A Black person in Marin City is 50% more likely than a white person to be stopped for a traffic violation by the Marin County Sheriff’s Office, according to four months of data recently released online by the agency.
The Racial and Identity Profiling Act (RIPA), created by California Assembly Bill 953, requires law enforcement agencies to collect and report 16 different data elements about every stop, including the perceived race or ethnicity of the person stopped. The purpose of RIPA is to eliminate racial and identity profiling in law enforcement.
Although the state has required the eight largest law enforcement agencies to report the data since 2018, the law doesn’t go into effect until 2023 for agencies the size of the Marin County Sheriff’s Office.
Still, the Marin County Sheriff’s Office chose to begin posting partial RIPA data online on Sept. 30, more than two years ahead of schedule.
“We thought it was important,” Marin County Undersheriff Jamie Scardina said. “Quite frankly, it was an opportunity for us to be transparent with the community. They were asking for this information and we knew we were going to have to provide it in two years, so we decided, well, let’s do this now.”
The Sheriff’s Office currently reports about five of the 16 data elements which will eventually be required, including race statistics. The information is updated daily.
Marin County activist and retired business executive Frank Shinneman crunched the numbers for the first 128 days of the Marin County Sheriff’s RIPA data, from Sept. 30, 2020 through Feb. 5, 2021. He focused his analyses on Marin City and San Rafael using the reason for the stop and the result of the stop. The data was then narrowed to consider the rates at which Black and Latinx people are stopped versus white people. The findings show a troublesome trend.
In Marin City, a Black person compared to a white person is:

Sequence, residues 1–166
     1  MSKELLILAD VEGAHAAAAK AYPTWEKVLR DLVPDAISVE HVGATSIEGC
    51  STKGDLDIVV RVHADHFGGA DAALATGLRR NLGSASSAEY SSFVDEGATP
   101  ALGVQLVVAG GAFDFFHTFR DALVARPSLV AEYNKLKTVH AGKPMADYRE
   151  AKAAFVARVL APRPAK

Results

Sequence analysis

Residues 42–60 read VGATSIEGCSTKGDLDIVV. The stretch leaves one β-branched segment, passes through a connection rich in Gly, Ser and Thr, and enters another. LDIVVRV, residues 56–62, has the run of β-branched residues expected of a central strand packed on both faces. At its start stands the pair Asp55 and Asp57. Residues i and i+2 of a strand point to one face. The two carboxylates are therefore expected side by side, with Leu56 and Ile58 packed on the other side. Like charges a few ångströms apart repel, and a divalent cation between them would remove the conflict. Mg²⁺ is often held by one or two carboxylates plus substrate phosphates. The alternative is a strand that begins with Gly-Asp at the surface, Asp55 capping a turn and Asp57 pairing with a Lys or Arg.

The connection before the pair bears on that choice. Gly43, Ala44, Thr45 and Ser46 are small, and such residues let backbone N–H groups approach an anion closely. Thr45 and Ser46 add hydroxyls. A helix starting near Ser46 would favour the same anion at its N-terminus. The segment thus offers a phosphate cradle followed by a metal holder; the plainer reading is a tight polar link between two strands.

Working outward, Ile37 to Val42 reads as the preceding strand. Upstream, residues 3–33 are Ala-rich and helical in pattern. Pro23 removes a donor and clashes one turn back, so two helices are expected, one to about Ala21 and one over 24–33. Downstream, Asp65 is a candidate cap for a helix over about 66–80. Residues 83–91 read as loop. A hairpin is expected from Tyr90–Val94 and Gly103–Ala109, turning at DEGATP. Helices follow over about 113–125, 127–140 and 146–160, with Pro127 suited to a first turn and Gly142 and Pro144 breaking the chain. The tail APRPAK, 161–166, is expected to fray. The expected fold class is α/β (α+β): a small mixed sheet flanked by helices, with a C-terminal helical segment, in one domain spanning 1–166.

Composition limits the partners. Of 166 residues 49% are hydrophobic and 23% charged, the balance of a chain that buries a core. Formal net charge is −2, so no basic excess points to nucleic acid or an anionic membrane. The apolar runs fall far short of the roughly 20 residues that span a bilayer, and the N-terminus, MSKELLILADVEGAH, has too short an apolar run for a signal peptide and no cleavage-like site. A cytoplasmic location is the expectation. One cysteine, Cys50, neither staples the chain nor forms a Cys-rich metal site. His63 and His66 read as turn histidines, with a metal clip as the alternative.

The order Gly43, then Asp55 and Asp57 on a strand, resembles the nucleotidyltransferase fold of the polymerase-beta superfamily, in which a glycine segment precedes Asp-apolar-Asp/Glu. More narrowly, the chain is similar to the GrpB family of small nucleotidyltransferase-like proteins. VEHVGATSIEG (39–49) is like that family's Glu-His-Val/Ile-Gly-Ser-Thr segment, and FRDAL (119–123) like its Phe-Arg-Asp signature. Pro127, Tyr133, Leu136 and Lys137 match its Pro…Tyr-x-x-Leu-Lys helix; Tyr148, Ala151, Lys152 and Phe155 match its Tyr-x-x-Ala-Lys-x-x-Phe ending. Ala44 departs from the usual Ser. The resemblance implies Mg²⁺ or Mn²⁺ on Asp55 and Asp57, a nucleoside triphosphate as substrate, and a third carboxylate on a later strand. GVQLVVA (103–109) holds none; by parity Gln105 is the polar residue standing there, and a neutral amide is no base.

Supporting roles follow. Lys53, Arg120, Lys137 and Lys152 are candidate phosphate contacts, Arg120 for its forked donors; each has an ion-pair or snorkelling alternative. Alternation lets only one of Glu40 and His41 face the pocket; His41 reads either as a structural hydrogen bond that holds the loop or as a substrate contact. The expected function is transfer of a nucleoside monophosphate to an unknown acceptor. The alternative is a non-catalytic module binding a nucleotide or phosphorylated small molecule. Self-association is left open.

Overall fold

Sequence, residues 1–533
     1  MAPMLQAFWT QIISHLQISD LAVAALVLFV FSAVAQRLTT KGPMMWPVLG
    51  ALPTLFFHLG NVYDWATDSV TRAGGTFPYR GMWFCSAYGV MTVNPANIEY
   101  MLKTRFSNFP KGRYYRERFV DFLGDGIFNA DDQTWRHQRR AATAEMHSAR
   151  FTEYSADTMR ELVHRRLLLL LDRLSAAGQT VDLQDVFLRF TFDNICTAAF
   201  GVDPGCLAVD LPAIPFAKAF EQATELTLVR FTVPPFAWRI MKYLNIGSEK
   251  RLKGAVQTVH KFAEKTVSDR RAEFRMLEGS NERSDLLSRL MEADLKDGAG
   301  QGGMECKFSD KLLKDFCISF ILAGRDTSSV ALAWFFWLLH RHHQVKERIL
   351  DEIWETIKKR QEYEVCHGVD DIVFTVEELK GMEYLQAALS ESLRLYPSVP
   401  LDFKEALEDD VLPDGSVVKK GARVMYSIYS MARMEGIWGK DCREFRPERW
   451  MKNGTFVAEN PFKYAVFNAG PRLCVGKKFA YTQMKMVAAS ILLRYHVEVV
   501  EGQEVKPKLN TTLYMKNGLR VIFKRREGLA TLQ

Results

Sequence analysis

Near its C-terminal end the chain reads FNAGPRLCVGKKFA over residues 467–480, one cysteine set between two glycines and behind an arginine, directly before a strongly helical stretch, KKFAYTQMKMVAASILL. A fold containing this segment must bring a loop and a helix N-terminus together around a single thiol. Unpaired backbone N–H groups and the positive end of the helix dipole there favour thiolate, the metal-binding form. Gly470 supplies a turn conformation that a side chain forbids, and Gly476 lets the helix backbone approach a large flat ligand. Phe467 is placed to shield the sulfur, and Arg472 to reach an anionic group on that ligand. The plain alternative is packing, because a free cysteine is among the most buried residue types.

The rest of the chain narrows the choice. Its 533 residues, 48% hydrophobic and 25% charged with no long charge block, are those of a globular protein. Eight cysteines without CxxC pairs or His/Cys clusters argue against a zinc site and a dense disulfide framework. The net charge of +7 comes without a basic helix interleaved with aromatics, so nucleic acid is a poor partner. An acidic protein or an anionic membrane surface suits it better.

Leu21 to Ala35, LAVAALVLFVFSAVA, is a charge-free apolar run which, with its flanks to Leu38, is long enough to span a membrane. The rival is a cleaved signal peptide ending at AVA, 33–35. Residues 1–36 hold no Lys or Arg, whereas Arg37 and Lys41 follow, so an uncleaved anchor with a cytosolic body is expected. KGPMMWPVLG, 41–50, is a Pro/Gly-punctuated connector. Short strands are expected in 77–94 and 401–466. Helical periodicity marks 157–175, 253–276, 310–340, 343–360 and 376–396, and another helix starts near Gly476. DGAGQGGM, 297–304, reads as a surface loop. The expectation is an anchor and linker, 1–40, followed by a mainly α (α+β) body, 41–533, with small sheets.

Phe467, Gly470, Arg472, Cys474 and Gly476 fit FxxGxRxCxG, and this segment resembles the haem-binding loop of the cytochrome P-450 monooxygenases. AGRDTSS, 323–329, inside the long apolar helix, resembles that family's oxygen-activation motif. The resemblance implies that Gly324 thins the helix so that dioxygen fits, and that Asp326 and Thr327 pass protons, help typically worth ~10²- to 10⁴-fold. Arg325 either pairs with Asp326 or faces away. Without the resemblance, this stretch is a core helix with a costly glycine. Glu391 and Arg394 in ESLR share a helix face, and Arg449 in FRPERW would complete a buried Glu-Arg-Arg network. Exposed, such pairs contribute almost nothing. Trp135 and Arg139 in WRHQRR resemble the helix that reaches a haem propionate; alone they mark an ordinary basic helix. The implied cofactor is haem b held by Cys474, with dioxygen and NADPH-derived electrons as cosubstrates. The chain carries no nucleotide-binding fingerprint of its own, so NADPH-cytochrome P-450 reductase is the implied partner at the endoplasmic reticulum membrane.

- 50% more likely to be stopped for a traffic violation.
- Three times more likely be stopped for reasonable suspicion of criminal activity.
- Five times more likely to be arrested with or without a warrant.
- 60% more likely to receive a warning.
- Three times more likely to be let go without a warning or citation.
The total population of Marin City is 2,862, according to the 2010 United States Census, the latest available census data. The race breakdown is 36% Black, 36% White, 13% Latinx, 10% Asian, 1% Pacific Islander and 1% Native American.
Shinneman has drawn a couple of conclusions from his research and the initial data analysis. The higher stop rates combined with the higher rate of no action may indicate that deputies are more suspicious of Black people than white people. Marin City is also the training ground for newly hired young deputies, which has been criticized by activists for years and may account for racial profiling due to lack of experience.
Scardina believes there is a problem with the RIPA data collection because it does not reflect where the person resides. They could be from another Marin locale or from another county.
“The people that are being pulled over and that are being categorized under RIPA are not necessarily all Marin people,” Scardina said. “In Marin City, between those dates you have, we don’t know if those are actually Marin City residents.”